The Jew contains Hitler’s desire for separation. Hitler needs to kill the Jew in order to kill his knowledge that sacrifice is in vain. Hitler proves the futility of dying for a country by producing the Holocaust. He acts out the knowledge that he has repressed. He provides a demonstration: it is not sweet and beautiful to die for a country; it is ugly and useless. His enactment functioned to demonstrate the ugliness and futility of dying for a country.
The metaphors contained within Hitler’s writings and speeches reveals the meaning of Nazi ideology. Hitler’s ideology was the vehicle that allowed him to share his fantasies with the German people—to persuade them to embrace and act upon it. Hitler plugged his fantasies and desires into the ideology of nationalism. This ideology was the source of the history he created.
History is created based on shared fantasies projected into the world, which are the basis of politics and constitute a certain form of reality. The history of the human race—with its recurring episodes of societally generated violence—consists of fantasies acted out to become reality. Fundamentally, it’s all nonsense.
However, nonsensical though it may be, it’s also the basis of the historical process: dying and killing to prove the truth of ideologies conceived as absolutes. Each society puts forward an idea—a container for the fantasy of omnipotence. This idea, however, is contradicted by other ideas put forward as absolutes—believed to be indestructible and omnipotent. Wars are fought to prove the omnipotence of one’s own society’s idea.
Ideologies die, and then other ones replace them. At a particular moment in time, the ideology that one’s society puts forth seems to be absolutely true—worth dying and killing for. Hitler represented the climax of this idea of dying and killing for an ideology conceived as absolute (until some society or group ignites an atom bomb in the name of its ideology). Hitler brought to fruition the fantasy of nationalism: countries as absolute entities that justify anything and everything.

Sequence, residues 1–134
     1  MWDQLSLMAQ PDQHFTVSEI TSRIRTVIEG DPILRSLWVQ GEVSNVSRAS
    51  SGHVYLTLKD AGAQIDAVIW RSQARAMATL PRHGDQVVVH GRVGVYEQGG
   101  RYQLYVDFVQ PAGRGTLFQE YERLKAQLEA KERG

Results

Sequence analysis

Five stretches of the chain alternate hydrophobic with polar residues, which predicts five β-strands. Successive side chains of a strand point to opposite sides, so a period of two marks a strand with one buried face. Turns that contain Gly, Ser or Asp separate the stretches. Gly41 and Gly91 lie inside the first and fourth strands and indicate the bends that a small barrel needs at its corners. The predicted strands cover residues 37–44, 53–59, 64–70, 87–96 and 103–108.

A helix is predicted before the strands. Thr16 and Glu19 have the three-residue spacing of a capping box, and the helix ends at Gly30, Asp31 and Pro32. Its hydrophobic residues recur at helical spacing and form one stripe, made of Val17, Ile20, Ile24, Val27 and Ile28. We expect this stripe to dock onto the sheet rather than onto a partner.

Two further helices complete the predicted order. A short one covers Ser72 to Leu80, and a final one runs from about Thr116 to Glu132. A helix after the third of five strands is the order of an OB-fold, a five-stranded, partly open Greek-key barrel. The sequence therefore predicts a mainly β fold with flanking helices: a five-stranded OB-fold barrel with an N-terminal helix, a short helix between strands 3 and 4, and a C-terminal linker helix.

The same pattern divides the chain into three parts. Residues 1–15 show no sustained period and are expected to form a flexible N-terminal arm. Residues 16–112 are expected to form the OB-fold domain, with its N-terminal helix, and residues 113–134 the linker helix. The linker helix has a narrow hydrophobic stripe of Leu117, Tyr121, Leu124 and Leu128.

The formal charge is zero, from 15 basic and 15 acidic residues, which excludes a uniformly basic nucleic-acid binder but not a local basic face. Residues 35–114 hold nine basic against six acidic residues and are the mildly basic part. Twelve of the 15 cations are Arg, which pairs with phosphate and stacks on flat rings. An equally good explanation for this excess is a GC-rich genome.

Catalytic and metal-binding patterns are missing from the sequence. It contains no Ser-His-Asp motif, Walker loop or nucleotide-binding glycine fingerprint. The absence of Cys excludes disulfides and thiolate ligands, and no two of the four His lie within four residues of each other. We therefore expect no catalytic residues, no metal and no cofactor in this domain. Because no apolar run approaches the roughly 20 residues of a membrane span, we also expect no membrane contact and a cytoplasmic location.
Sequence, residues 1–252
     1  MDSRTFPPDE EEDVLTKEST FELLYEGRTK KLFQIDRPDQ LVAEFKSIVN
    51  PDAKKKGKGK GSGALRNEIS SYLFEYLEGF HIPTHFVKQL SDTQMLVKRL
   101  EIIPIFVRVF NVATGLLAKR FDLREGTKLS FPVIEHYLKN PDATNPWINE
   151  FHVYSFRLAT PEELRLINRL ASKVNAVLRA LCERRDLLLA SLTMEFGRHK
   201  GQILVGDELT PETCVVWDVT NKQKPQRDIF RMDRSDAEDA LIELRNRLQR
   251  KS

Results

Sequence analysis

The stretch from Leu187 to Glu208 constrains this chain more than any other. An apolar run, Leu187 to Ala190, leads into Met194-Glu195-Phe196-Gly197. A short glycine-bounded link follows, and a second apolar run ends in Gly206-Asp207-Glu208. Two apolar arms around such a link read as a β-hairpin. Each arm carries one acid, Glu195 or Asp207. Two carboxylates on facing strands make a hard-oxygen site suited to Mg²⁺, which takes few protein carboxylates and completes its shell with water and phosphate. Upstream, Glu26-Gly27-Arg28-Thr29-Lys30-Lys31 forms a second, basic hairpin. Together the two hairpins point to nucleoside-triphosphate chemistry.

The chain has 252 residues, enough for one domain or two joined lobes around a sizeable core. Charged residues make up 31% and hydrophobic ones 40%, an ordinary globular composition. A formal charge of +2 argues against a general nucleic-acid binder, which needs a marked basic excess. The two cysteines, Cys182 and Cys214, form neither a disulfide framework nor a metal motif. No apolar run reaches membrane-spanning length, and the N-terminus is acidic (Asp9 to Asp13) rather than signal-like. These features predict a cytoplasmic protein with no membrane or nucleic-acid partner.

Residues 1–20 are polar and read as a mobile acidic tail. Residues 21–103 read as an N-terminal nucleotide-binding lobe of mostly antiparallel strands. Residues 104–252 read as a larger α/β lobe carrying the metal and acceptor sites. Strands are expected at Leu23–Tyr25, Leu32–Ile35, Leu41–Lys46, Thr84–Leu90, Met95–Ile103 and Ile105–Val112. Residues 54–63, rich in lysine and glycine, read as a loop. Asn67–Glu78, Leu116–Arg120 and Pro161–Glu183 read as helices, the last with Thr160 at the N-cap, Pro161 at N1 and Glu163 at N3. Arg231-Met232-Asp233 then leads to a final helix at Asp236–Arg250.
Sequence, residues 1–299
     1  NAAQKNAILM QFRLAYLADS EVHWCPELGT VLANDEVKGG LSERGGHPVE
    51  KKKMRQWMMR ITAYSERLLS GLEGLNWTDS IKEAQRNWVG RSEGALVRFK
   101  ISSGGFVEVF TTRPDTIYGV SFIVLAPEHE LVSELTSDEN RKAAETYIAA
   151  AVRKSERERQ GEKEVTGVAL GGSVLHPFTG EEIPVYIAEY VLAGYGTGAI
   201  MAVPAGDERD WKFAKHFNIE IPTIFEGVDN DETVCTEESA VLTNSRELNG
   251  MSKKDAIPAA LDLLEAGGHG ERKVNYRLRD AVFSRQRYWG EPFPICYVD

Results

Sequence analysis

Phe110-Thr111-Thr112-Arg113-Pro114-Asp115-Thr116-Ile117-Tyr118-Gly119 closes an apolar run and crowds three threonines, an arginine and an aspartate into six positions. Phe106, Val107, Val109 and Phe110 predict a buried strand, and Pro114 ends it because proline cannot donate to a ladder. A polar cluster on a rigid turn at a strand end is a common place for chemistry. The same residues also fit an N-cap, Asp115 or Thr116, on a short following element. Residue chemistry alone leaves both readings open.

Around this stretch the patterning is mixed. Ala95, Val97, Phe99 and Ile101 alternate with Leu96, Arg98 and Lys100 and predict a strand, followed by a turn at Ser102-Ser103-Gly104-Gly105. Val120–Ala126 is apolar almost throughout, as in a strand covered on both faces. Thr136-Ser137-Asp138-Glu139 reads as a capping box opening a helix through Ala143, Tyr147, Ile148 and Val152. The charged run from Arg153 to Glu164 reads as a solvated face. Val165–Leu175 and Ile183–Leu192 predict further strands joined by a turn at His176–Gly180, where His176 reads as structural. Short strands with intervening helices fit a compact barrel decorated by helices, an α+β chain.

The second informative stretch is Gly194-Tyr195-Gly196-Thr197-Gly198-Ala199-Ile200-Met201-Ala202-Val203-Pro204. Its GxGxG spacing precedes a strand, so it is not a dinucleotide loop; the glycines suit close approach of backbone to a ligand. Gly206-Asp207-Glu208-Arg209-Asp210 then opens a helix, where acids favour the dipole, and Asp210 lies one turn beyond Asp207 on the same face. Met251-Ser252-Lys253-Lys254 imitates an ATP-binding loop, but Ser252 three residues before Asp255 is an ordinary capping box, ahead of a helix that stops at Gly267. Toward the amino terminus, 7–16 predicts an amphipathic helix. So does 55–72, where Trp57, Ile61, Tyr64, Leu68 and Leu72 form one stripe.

Group violence is precisely the opposite of “primitive aggression.” The most virulent forms of dying and killing that have occurred in the past two centuries are those undertaken in the name of some sacred ideal; an ideology conceived as an absolute. Things never worked out. Historians document each episode of mass-murder as if something new is occurring. It’s the same old, same old.
People are thrilled that society goes on as usual, even as they condemn the violence. What is thrilling is that people still believe in some ideal. Therefore, the dying and killing can continue. Dying and killing represents a method of validation: proof of the pudding. Surely human beings are not dying for nothing. It is inconceivable that the history of human beings represents a form of psychosis.
But it does. It is the normal psychosis of everyday life: the psychosis of history. Nobody wants to be left out. As long as the dying and killing continues to occur, there will be no end to history. Everyone colludes to keep the machinery going. Fantasies are projected into ideas or ideologies—belief systems—that are acted out and generate political reality. And the hits just keep on coming.
When I speak of awakening from the nightmare of history, I’m suggesting that it is possible to see or perceive the unconscious fantasies that generate the historical process. Hitler revealed the essence of the fantasy that generated 20th Century history. It revolved around nations or societies as bodies politic—with which individuals fuse their own bodies (the image in the frontispiece of Hobbes Leviathan).
Nations possess enemies that must be destroyed. An enemy represents that which contradicts the absolute idea that holds the body politic together. To awaken from the nightmare of history means contemplating the possibility that society or the body politic is an illusion; that history can end.
Attachment to omnipotent bodies politic will not assure one’s immortality. In spite of all the sound and fury, one is going to die. At this moment—when one suggests that it is possible abandon the illusion of society—many people (like Emily Litella) say “never mind.” Better that the killing and dying continue—to maintain the illusion: History will never end.